As we’ve seen, to make a blocking script “non-blocking,” an essential point you have to take into account is the potential dependency between scripts. 

Indeed, the first scripts generally declare libraries (like JQuery) which will be used by the scripts included in the page or declared later.

For this reason, you can’t apply an async attribute (which doesn’t follow the HTML parsing order to execute the scripts) to them because that would mean risking the library not being ready when it’s supposed to perform.

And what about the Defer attribute? That could work because it allows you to keep the script execution order, but… only on the condition that it applies to all scripts and that no script built into the page has dependencies with libraries. This is a very rare case—you’d be better off looking for a needle in a haystack.

Given these clarifications, you can understand why it’s difficult to systematically use the Async and Defer attributes, since they don’t account for the cases where scripts change the DOM in the declared location (via document.write).

So, now let’s talk about our favourite subject: smart automation of web performance optimizations!

You can get around the limitations of async and defer by orchestrating the execution of JS, and that’s exactly what DeferJS does.

In practical terms, here’s how DeferJS works:

  • The blocking scripts are only executed at the time of DOMContentLoaded to reproduce the behaviour of the Defer attribute and not block the initial rendering of the page.
  • The deferred scripts can write in the DOM at the location provided for in the document.write instructions. They can then correctly make calls to the DOM by simulating a partially built DOM up to the script node (even if the DOM is only really constructed at the time of execution).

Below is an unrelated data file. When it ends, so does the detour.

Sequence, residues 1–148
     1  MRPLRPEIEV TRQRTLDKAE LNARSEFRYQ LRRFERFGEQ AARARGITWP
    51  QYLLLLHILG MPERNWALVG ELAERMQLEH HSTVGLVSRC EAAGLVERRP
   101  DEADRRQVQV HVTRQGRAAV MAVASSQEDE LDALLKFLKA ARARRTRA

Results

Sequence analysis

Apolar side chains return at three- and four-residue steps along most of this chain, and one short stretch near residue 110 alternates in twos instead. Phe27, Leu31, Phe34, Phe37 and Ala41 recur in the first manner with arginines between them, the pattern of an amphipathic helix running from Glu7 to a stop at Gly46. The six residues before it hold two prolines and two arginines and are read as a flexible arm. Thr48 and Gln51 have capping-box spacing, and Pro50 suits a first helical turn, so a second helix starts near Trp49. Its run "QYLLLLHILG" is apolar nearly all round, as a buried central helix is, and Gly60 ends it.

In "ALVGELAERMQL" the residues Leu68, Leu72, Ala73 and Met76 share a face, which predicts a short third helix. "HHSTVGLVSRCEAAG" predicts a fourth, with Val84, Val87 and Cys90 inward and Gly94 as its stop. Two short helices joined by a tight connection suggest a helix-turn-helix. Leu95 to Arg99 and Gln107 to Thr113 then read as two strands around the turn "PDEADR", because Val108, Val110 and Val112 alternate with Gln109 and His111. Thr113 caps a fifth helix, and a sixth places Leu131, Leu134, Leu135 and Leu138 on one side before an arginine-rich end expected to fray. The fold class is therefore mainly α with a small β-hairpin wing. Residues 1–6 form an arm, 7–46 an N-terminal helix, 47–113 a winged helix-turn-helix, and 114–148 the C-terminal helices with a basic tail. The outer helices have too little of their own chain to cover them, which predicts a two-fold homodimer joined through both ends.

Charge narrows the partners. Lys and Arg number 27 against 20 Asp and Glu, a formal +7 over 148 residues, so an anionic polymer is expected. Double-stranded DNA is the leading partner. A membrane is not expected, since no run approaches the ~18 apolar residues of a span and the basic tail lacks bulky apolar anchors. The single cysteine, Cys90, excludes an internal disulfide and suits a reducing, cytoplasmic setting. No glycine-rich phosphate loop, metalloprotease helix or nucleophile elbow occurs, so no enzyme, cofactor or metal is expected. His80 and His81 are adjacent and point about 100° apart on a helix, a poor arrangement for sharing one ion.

As an orchestrator, DeferJS takes into account any declarations of the Async and Defer attributes present in the <script> tag to maintain loading properties as provided for in the code.

Did you know?

As a key feature of our platform, DeferJS is automatically active as soon as the SmartCache is set up. Thanks to the fact that DeferJS times the execution of JavaScript, the SmartCache can add the dynamic fragments of HTML retrieved from the origin. In other words, the system does teamwork.


So, what happens in the HTML file? The src attributes of the <script> elements are transformed into frz_orig_src and the engine adds a new type of attribute whose value is defined as text/frzjs. A window.onload manager is added to the HTML, which then execute all of the deferred scripts.


Script before and after being optimized with DeferJS feature

And that’s not all! We also add a pre-loading link to each deferred script to ensure they load as fast as possible. That compensates for the fact that the pre-scanned HTML can’t discover the URL of the scripts before knowing the attributes.

Proper usage of DeferJS

In what situations is DeferJS most useful? Mainly for scripts that have an impact on the interactivity of the page. 

Are there situations where it’s better to avoid deferring the scripts? Yes!

It’s worth noting that for A/B testing scripts that may greatly modify the DOM and for scripts managing carousels or the lazy-loading of images, deferring would only delay complete display of the page. 

That’s why this feature allows for precise settings so that you can isolate scripts critical for page rendering and choose tags to be excluded from processing.

Like all of our features, DeferJS is continuously improved to help you better manage your third party scripts and have  better and better responsive pages.